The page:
Progress in Detroit is a bumper-to-bumper jumble of cars and buses inching through downtown.
Ten months after emerging from a record $18 billion municipal bankruptcy, Detroit is functioning in ways unseen for months and even years — street lights are on, parks get mowed, municipal debt is sold on the public market and the police are training civilians to manage traffic at clogged intersections.
“It’s a madhouse,” said Joshua Elling, a community development executive whose usual 20-minute commute can sometimes take an hour.
“Everybody likes a good comeback story, a good underdog story, and that’s what Detroit is,” said Luther Keith, executive director of Arise Detroit, a coalition of neighborhood groups headquartered on the sprawling east side. “Where it goes, I don’t know.”
The Census Bureau deems the city the nation’s poorest. After losing more than half of its population and 90 percent of its manufacturing jobs since 1950, Detroit became the nation’s first major city to file for bankruptcy protection, in July 2013. There is no template for a recovery of this magnitude. Despite indicators of increased housing sales, the city continues to lose population, dropping to 680,000 last year. The child poverty rate is 59 percent. For most of the city’s 139 square miles (360 square kilometers) little has changed.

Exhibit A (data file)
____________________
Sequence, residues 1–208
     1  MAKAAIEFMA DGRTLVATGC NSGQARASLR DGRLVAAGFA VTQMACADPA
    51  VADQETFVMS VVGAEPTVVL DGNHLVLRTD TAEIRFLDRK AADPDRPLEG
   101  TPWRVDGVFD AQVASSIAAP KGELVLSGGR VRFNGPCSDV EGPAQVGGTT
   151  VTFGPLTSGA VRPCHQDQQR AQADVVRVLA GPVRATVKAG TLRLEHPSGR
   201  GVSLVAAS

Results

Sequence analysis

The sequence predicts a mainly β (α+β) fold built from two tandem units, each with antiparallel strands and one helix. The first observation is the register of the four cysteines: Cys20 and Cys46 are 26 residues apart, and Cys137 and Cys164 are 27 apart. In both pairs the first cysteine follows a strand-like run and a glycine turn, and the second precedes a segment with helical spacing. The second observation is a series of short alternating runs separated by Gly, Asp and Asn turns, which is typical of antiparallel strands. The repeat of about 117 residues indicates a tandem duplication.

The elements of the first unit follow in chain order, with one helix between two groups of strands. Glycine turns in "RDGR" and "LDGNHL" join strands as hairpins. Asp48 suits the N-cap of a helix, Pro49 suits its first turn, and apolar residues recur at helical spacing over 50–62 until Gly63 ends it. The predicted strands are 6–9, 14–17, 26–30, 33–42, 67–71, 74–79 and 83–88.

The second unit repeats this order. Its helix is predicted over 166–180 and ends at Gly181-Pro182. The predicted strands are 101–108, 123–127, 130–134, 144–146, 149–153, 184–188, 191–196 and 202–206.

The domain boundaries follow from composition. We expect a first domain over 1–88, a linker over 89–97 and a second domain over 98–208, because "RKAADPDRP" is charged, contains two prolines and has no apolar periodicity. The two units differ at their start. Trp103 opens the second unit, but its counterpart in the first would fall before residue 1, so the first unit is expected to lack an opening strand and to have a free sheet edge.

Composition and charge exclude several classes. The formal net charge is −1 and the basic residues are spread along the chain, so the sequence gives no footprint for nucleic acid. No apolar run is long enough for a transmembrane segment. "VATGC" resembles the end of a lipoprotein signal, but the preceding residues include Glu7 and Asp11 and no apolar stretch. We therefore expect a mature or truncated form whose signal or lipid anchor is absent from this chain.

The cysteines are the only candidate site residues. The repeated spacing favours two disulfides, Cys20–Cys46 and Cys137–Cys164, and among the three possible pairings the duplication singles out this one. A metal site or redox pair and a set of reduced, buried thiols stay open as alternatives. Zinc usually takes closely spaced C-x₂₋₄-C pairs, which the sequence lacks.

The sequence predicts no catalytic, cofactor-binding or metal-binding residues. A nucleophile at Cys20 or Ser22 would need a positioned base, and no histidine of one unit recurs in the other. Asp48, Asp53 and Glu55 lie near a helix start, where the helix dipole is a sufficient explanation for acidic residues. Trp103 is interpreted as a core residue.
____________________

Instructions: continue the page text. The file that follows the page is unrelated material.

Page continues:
Downtown Detroit, however, thrives. Quicken Loans Inc. and Blue Cross Blue Shield of Michigan are responsible for more than 15,000 jobs there. In downtown and midtown, 77 restaurants have opened since 2013, a 26 percent increase, according to 7.2 SQ MI, a data project that tracks economic changes in the city. Over the same period, the number of retail establishments grew 13 percent, to 352.